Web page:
CourtWatch Updates

As an additional service to members, the West Virginia Chamber offers CourtWatch Updates, real-time briefings of decisions coming down from the West Virginia Supreme Court. Below are the CourtWatch Updates from 2022. A full CourtWatch 2022 report will be available at the 2022 Annual Meeting and Business Summit.

 

The West Virginia Supreme Court has ruled against a coal miner and reinstated the temporary suspension of his miner certifications after he tested positive for marijuana metabolites (“THC”) on a random drug screen. The coal miner contested his suspension by the WV Office of Miners Health, Safety and Training, claiming the positive drug screen was due to his use of CBD oils, a legal substance in West Virginia. The Court noted that this was its first opportunity to evaluate the “intent” argument as it relates to CBD products. In a narrow 3-2 decision, the Supreme Court held the coal miner had not properly contested the test results, and his claim that he had used CBD oils was not a defense to his positive drug test. The Court stressed that while the West Virginia Legislature has authorized the sale of CBD products, the applicable statutes and rules provided no authority to treat the consumption of a CBD product as a legal defense to a positive test for Cannabinoids/THC. Justice Armstead authored the majority opinion and was joined by Justices Walker and Wooton. Justices Hutchison and Moats dissented and, in a footnote, “encourage[d] the Legislature to study and rectify this issue because CBD products, contaminated with THC, are becoming common in the marketplace and accidental consumption of forms of THC are likely to become commonplace.”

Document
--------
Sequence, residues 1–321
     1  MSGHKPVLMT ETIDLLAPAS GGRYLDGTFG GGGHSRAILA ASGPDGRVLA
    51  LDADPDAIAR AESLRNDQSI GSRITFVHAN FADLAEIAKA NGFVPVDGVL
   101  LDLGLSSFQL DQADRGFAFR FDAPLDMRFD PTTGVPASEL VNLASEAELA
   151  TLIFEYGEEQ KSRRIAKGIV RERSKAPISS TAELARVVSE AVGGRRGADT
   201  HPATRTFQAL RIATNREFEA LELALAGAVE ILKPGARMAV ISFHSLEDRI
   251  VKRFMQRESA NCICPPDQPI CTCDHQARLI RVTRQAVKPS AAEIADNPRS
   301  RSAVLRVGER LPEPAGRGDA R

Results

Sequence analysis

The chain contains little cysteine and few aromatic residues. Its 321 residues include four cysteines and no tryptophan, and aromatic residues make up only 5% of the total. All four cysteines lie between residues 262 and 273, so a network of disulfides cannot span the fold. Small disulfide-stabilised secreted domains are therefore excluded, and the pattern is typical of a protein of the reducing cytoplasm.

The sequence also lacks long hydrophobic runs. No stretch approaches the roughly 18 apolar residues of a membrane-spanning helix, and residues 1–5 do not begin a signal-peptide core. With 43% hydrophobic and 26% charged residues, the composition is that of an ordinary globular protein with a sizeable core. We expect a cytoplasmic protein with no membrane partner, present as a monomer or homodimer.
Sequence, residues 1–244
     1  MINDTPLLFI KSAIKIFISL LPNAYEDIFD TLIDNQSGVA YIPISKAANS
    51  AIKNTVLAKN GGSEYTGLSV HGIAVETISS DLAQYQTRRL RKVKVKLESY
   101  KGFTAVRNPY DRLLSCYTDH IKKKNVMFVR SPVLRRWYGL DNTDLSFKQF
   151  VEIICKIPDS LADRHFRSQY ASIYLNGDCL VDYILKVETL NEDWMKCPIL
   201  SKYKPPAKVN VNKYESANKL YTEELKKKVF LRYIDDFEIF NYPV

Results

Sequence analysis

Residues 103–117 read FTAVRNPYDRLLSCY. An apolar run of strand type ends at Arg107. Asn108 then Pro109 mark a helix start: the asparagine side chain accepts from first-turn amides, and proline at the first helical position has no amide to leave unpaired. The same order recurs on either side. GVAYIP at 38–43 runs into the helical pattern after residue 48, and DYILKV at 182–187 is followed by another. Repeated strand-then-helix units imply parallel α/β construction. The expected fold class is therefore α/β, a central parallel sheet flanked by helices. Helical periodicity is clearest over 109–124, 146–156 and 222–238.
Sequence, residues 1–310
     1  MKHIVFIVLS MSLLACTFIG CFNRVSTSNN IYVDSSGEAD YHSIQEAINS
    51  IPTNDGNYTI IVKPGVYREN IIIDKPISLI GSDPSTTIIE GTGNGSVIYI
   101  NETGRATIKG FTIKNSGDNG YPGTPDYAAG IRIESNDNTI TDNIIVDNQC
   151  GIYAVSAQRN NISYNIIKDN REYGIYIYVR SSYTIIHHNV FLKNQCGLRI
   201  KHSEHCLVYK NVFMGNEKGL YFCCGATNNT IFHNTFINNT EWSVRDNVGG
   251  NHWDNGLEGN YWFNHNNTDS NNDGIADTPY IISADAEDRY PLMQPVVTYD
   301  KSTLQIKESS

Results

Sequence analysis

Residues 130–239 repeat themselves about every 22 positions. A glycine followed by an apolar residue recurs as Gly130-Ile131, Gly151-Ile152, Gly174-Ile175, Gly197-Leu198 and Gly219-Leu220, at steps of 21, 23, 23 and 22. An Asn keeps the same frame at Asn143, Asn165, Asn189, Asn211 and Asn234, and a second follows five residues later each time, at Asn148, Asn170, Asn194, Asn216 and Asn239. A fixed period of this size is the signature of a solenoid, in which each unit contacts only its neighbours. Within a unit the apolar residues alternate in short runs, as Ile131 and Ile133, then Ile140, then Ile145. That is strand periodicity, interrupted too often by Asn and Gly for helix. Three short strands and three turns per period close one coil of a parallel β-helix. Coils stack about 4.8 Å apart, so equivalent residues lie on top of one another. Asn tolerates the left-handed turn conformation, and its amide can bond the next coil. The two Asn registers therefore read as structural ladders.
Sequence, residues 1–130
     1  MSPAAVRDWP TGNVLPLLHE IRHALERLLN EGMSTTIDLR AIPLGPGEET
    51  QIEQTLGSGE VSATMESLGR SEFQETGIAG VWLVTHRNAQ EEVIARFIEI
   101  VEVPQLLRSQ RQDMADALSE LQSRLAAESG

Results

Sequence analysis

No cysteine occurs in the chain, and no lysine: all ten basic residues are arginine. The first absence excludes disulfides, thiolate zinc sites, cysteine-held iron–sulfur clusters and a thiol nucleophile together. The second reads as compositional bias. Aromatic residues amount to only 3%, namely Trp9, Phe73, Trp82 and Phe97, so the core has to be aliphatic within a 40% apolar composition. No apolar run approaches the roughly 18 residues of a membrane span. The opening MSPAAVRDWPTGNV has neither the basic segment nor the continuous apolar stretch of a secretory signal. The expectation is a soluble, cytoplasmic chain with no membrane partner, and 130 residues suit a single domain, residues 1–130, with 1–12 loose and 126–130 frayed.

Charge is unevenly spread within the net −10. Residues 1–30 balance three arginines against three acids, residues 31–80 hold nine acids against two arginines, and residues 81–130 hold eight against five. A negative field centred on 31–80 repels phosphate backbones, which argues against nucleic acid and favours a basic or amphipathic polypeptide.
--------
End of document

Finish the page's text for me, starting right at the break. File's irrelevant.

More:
Majority Opinion

Dissent

On the afternoon of May 6, 2022, an Order was released from the State Supreme Court announcing that the Justices had unanimously voted to deny the request for an emergency stay of the ruling from Kanawha County Circuit Judge Duke Bloom in the eligibility challenge to WV State Senate candidate Andrea Kiessling. Judge Bloom had ruled earlier that Kiessling was not an eligible candidate under the residency requirement in the West Virginia Constitution. The Supreme Court decision will allow the ruling of Judge Bloom to remain in place.

 

 

CourtWatch 2021

The West Virginia Chamber is pleased to present the 2021 edition of CourtWatch: The Impact of the West Virginia Supreme Court of Appeals on Our State’s Economy. This report covers twenty-three of the most important decisions of our state’s highest court and provides a discussion and analysis on how your business may be affected. We express deep appreciation to the attorneys of our Legal Review Team who volunteered their time and expertise to review the cases decided by the West Virginia Supreme Court of Appeals in the Fall 2020 and Spring 2021 Terms of Court. Click below to read the report.